Wednesday, March 29, 2017

what are we thinking?

Here in The Present, we experience Life moment by moment, our perceptions always colored by our memories of The Past (unreliable/delusional as they may be).

I'm not talking about your personal Past (undoubtedly the biggest factor in one's personal Present).  I'm talking about the collective Past - what we retained from History class (for those who were awake) and from our own obsessive reading since we left formal schooling (you know who you are).

It's so easy to be smug about catastrophic mistakes made by The Dead (or, as Homer and Nixon called them, the Silent Majority).  We ask ourselves 'what were they thinking?', as we ponder the blunders, whose results are so obvious and inevitable.

Examples are too numerous to mention.

I know there are an infinite number of distractions these days, but, still, it's positively shocking to me that so little is said about the events of exactly 100 years ago, when the Great War raged and millions were slaughtered.  To this day, unexploded shells (many filled with still-deadly gas) surface in the gardens of rural France, along that path of misery that stretched from Switzerland to the sea.

By 1917, the pre-war world was crumbling.  The Russian Empire's autocratic rulers were (unlike today's) clueless.  Same with the Ottomans.  Bleeding men and treasure, the French and British and Germans carried on with the same vain certainty that 'one more push' would lead to a quick victory.  The Americans arrived with their 'step aside and let us take over' bravado.

What were they thinking?

We know how it ended.  It's so obvious that the harsh, vindictive terms of the Treaty of Versailles would lead inevitably to economic hardship in Germany, and we know what panic does to people in times of economic hardship.

What were they thinking? 

We envision Sykes and Picot drawing lines on their map of Mesopotamia, giving birth to 'Iraq' and 'Iran'.  What were they thinking?

I own about a dozen DVDs; my favorite films, which I have watched many times.  There are the obvious ones:  Vertigo, Casablanca, Citizen Kane, Maltese Falcon, Godfather Part II, Dr. Strangelove, Cabaret, The Producers.  You get the idea.

But there are two that I am especially thinking about today, in conjunction with WWI.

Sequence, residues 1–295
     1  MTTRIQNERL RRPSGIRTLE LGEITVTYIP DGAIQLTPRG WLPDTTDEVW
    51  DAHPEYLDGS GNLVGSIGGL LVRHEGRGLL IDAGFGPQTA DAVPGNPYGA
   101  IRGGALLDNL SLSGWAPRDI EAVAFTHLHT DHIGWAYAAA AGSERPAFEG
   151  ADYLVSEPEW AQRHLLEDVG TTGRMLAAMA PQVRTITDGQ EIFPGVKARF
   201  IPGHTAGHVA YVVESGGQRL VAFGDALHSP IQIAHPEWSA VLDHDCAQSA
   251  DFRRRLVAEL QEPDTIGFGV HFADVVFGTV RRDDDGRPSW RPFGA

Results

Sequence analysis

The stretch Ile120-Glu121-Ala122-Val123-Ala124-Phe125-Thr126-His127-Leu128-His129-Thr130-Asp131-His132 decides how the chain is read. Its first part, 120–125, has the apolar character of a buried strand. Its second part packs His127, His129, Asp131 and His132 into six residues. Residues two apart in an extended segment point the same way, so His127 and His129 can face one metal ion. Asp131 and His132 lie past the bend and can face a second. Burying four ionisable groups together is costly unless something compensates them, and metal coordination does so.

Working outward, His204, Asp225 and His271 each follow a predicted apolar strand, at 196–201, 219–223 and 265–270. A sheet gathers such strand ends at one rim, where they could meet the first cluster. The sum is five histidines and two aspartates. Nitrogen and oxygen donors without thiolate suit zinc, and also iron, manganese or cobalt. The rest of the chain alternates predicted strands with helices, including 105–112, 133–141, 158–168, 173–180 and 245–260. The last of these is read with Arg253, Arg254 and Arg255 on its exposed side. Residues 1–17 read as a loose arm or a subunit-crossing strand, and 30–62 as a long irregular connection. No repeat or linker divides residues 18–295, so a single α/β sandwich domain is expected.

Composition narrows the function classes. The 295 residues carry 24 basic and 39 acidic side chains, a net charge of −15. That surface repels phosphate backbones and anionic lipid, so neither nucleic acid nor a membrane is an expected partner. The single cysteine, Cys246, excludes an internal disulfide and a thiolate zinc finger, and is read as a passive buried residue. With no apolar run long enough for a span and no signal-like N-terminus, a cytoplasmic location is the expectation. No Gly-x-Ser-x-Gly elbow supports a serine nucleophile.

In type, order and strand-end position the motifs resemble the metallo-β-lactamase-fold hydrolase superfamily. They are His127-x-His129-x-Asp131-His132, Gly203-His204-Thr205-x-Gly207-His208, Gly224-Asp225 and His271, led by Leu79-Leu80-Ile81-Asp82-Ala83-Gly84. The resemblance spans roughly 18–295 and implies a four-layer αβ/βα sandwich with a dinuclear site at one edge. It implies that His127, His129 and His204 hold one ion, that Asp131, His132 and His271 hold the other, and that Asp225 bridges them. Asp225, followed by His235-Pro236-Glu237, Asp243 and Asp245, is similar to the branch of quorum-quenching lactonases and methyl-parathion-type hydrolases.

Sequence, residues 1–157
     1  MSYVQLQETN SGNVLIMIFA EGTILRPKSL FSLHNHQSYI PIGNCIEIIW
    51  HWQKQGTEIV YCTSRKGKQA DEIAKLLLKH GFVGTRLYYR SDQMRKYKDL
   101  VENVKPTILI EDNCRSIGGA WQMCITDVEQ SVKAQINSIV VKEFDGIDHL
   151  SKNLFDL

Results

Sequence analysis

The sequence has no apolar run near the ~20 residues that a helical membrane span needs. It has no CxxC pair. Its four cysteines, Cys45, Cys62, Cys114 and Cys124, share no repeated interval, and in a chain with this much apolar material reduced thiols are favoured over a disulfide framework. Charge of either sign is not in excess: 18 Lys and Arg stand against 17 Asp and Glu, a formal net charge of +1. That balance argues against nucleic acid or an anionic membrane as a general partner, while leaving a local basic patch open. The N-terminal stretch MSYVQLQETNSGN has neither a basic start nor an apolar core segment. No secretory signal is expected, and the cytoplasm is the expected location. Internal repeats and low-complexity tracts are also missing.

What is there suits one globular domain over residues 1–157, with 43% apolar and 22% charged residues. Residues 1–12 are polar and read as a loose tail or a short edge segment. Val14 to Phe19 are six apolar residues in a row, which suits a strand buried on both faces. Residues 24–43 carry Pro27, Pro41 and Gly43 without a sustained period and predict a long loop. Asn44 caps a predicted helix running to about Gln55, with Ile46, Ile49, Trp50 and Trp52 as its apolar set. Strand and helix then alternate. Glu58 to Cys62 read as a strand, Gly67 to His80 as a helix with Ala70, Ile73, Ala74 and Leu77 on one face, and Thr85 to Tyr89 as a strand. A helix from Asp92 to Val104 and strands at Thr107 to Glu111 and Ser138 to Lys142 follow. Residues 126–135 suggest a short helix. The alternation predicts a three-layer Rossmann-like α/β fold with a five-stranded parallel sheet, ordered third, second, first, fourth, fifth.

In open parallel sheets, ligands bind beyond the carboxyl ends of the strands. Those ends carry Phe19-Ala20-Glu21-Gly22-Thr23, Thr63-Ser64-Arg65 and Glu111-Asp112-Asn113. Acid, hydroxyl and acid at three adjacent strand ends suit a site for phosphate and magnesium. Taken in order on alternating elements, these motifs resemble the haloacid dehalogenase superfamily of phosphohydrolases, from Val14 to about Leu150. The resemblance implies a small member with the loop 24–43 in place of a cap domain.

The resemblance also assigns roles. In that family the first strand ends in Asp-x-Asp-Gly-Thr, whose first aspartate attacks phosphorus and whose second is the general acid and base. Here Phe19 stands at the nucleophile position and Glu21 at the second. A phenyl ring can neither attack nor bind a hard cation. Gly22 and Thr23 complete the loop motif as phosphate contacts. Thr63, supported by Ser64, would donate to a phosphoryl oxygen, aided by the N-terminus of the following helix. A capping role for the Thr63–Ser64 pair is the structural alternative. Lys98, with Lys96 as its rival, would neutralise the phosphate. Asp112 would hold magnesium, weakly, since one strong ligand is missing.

First,  Lawrence of Arabia.  Aside from the unparalled cinematography (I think I know just about every shot), what I get from the film is Lawrence's shocking progression from idealistic History nerd to a blood-smeared, violated, broken shell of a man (as the world itself was bloodied and broken when the shooting stopped).

The other is a film you probably don't know:  Richard Attenborough's astonishing film from the late 60's "Oh, What a Lovely War".  I first saw it in Baltimore around 1969 - I believe twice.  A few years ago, I ordered the DVD and have watched it three or four times, including yesterday.

It was originally a stage production, featuring songs sung by the soldiers in World War I.  The songs start out full of confidence and end up full of cynicism, hopelessness and the stark, grim reality they faced in the trenches.

The cinematography and editing are breathtaking, the dream cast includes Lawrence Oliver, John Gielgud, Ralph Richardson, John Mills, Dirk Bogard, Susanna York, Jack Hawkins (unrecognizable as the doddering Austrian emperor), and the shockingly young Maggie Smith, among other assorted Redgraves, etc.  One of the best anti-war films ever made.  If you'd like to BORROW my copy, let me know.

But (returning to my theme), seeing the events of 1914-1918 recapped, one can only ask how could they not have seen the coming calamity?  Why didn't the world rise up and try to prevent it?

What were they thinking?

In this week's news, there's this New York Times headline:  "Trump Lays Plans to Reverse Obama’s Climate Change Legacy". 

Now imagine reading that in 2117.

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